Numerous international scandals have created a sense that the moral fiber of our companies is poor. Below, David De Cremer considers why it is so difficult to make responsible leadership a part of contemporary corporate culture, and argues that as a collective we need to work on the management of responsibility in business.
An increasing number of international business scandals such as those at AIG, Tyco, WorldCom, Enron, Siemens, Royal Dutch Shell, and Olympus have created a strong sense of awareness that the moral fiber of our companies is in a poor shape or may even be nonexistent. Ethically flawed leadership behavior as shown by the ex-CEO of Converse being arrested in Namibia, the CEO at United Healthcare being forced to step down, and Patricia Dunn of Hewlett Packard being charged in an ethics scandal are close to becoming the norm rather than the exception. The world-wide financial crisis clearly showed that the irresponsible behavior of managers and organisations inflicts pain on society and its members.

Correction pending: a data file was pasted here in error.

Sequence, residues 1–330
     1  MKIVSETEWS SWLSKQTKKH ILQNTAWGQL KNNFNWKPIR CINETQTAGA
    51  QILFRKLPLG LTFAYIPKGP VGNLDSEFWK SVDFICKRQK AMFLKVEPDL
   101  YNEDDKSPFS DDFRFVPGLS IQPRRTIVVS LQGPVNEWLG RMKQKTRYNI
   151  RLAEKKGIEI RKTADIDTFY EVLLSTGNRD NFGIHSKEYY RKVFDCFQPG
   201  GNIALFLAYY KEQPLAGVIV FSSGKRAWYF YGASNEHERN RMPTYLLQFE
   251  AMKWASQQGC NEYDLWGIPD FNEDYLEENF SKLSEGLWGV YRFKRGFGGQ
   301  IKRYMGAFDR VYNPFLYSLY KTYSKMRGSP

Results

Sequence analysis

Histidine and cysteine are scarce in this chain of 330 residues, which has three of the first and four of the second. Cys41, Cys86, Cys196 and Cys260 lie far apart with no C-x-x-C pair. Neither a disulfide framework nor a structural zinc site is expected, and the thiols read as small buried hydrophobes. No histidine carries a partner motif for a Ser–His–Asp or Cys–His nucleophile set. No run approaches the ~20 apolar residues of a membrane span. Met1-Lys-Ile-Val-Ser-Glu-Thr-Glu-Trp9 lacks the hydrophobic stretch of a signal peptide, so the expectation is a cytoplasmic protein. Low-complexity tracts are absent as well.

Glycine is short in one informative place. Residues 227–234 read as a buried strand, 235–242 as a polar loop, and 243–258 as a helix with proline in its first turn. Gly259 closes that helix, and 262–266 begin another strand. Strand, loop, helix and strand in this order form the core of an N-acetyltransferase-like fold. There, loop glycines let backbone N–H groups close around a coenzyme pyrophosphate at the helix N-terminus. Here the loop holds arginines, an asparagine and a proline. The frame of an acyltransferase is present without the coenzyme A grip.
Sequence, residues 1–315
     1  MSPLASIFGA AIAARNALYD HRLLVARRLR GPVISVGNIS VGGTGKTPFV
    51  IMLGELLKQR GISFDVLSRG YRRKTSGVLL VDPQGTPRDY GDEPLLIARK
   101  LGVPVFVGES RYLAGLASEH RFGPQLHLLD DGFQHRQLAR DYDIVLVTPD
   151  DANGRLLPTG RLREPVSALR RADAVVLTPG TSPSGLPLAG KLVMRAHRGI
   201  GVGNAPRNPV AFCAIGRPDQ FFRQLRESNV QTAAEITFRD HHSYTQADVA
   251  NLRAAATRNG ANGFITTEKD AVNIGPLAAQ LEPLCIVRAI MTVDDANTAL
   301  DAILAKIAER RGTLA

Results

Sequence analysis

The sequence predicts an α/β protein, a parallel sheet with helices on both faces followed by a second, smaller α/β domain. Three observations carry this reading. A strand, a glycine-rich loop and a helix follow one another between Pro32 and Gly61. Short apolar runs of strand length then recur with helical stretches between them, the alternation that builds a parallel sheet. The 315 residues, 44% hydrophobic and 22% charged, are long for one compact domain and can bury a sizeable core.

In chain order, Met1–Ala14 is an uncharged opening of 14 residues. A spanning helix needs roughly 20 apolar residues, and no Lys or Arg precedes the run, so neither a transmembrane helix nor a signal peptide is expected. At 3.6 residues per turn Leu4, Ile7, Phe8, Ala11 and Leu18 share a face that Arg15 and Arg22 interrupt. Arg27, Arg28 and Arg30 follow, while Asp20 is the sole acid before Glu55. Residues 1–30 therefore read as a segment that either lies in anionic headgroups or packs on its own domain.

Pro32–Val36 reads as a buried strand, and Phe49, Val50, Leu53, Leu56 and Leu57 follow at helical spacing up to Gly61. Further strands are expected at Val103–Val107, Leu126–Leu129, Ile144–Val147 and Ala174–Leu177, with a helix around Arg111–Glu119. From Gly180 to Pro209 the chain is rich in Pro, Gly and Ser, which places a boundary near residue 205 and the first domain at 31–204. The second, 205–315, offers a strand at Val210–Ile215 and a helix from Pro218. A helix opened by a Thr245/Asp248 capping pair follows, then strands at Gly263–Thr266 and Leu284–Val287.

For example, financial institutions did not hesitate to allocate millions in bonuses to the very people who drove the banks and the country into a financial crisis, and banks like Goldman Sachs were mentioned several times involving cases of fraud and misrepresenting information. Cases like the United Kingdom parliamentary expenses scandal signal that the erosion of basic moral principles of right and wrong has reached a peak resulting in historically low levels of trust in our political leaders and legal institutions. The costs of these ethical escalations are widely shared and have a damaging effect on the reliability and profitability of many industries. The German company Siemens was involved in a string of high-profile bribery scandals and recently agreed to a record $1.6 billion settlement, and the oil company Royal Dutch Shell settled a fraud case in which they overstated resources for an amount of $150 million.